Thursday, December 22, 2011

Whose child is it, anyway?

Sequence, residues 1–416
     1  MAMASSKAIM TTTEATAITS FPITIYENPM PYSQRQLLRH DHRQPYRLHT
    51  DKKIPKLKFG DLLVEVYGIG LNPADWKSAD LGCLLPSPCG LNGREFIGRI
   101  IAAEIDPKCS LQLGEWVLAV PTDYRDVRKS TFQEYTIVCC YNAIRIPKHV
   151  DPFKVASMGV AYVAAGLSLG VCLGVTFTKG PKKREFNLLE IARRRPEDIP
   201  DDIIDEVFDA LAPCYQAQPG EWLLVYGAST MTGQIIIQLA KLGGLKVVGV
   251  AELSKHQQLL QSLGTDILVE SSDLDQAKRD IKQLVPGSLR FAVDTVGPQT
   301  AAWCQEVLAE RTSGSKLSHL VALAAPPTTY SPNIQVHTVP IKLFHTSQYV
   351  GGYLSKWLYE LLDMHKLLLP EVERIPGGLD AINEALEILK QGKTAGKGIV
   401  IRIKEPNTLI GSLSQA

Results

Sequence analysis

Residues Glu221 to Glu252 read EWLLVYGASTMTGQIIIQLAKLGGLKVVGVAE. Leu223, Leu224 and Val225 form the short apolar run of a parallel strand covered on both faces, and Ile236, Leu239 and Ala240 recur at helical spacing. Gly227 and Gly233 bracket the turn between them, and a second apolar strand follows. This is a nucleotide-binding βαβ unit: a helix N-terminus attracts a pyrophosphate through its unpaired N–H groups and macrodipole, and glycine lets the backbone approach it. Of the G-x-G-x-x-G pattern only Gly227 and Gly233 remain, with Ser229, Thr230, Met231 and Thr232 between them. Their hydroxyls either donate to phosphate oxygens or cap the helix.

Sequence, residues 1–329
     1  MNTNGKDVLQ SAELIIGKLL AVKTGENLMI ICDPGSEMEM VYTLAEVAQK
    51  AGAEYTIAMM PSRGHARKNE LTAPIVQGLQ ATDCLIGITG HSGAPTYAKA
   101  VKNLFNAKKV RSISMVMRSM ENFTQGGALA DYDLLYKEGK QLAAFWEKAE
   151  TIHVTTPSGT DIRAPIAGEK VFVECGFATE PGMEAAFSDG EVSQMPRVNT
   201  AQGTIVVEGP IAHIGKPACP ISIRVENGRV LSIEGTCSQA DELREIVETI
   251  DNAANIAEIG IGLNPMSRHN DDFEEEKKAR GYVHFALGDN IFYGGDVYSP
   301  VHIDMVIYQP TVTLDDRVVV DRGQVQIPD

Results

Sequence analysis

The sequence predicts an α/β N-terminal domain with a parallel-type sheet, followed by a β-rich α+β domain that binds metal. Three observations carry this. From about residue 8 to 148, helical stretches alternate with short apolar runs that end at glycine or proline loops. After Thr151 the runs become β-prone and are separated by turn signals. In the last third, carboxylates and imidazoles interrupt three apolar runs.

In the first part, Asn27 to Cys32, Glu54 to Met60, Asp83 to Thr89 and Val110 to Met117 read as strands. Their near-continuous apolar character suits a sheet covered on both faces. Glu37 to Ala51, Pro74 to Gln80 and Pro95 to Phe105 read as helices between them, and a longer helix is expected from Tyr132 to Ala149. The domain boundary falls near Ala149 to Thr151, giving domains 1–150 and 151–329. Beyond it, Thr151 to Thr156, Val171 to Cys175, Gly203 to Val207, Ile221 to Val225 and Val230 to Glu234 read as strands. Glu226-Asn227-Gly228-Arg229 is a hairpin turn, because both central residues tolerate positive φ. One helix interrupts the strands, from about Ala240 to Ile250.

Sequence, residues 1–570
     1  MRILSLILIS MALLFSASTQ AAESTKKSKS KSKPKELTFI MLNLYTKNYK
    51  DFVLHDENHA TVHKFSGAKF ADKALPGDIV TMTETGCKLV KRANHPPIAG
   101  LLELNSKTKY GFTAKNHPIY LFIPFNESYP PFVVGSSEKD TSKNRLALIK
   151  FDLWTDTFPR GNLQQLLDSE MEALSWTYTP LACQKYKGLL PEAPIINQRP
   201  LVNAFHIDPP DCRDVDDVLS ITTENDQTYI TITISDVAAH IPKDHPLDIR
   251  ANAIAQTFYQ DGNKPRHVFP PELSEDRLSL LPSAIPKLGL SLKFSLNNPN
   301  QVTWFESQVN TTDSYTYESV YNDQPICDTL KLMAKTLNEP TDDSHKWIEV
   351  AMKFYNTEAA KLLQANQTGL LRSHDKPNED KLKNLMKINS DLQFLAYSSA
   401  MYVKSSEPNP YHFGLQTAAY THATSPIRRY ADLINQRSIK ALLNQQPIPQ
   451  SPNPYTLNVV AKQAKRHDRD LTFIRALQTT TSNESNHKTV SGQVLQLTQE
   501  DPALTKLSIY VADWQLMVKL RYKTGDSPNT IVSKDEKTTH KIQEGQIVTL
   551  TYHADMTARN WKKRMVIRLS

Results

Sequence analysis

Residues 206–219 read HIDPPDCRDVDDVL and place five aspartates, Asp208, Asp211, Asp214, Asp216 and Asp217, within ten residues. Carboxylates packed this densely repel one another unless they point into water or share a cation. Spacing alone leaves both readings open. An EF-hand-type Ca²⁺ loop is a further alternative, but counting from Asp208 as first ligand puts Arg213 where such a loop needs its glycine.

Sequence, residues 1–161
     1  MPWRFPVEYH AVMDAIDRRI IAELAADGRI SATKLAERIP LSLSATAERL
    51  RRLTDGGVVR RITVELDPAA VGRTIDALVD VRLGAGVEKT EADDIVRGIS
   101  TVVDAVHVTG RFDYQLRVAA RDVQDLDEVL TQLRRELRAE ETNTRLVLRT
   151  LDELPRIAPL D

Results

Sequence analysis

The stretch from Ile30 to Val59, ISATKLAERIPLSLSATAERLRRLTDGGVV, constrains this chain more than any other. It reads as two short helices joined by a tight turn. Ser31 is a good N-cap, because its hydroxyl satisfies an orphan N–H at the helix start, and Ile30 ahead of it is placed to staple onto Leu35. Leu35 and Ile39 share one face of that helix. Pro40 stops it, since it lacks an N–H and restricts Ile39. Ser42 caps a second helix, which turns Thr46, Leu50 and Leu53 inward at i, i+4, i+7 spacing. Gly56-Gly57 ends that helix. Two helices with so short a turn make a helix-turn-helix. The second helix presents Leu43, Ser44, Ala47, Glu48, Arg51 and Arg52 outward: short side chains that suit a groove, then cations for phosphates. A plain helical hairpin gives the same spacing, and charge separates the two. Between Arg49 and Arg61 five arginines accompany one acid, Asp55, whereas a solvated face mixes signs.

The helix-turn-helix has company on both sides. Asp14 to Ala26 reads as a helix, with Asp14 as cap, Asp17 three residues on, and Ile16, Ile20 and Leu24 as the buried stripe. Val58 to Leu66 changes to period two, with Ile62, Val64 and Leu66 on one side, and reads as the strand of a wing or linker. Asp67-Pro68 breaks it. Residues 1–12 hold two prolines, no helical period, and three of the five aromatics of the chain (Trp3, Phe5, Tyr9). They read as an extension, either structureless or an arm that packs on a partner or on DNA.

On 20 Dec evening I went to a fast food restaurant that is close to CKS office for picking couple of parathas for dinner. I have visited this place several times. But that day I saw a young lad of about 12 years old doing odd jobs at the restaurant. The social worker in me woke up. Usually I do not eat in places where they employ children. Since I had already given order for the food, I took the opportunity to educate the manager of the restaurant. As the discussion went on one more gentleman to joined towards the end. The discussion went this way: Puthumai: Sir, may I speak to you something? Manager: Yes Puthumai: It is about the little lad working here. Manager: (agitatedly) So, what? Puthumai: The boy looks too small to work in the restaurant. You know that no child below 14 years is allowed to work in any commercial or domestic establishment in India? Manager: (angrier now) So, what do you want me to do now? Shall I send him away? Then he will go around stealing things. He will start snatching from people's necks (gold chains). He will come and steal from your house! Why don't you take him to your house, feed him, clothe him and educate him. I have no problem! Puthumai: (changes the strategy) No, my point is not that you are doing something wrong. I wish to tell you that in case of a raid you could be caught for employing a child! Manager: Ha... I know all the officers. They come here. They sit and eat out here. The Food Officer once asked about a boy I had employed. I told him I shall meet him at his home. And I took the boy to him and I told him to keep the boy, feed him and educate him. That's it! Will he? No! He just let me go! Puthumai: I see! Where does this boy hail from? Manager: (with a softened tone) He is a tribal boy. Look, his father had three children. And he has left them, and is living with another woman. What will these children do? Start stealing? This boy was working with me for a few days. Then because he was naughty, I sent him away. And he started stealing petty things around. And one day the police picked him for snatching a woman's gold chain. They beat him and they sent him back, because there is no point in pursuing the case for police! What will they do with him? Sent him to juvenile home? There are too many there, already. And pressing a case against him is useless for them. Then again I brought him here. At least he gets to eat here and gets some small amount of money. And learns the job! Can the government give job or teach job to everybody? Puthumai: No, that is not possible. Manager: Exactly. And if these boys are not engaged, then they will become Maoists! A customer: What did you say? Manager: What else? It is easier for the politicians to speak all big things. But can they do it? Can they educate and feed all children in the country? What is the perceptional rule in the country? Tribals are Maoists, Muslims are Terrorists! That's the perception going on.... Puthumai: Well, Sir, I need to go. But it was interesting to talk to you. See you. Good night. Manager: Good night. I began to wonder on my way back - With the Food Security Bill on the anvil in the Indian Parliament, and the Right to Education Act in place already, can we really change the mindsets? Can we really change the life of Indian children's destiny positively? Can the governments really take up these practical issues seriously? Or, are we going to be consigned to the fate of having millions of children like this one in the land of Rabindranath Tagore and Amartya Sen growing up uneducated, less fed and with no social respect for himself?

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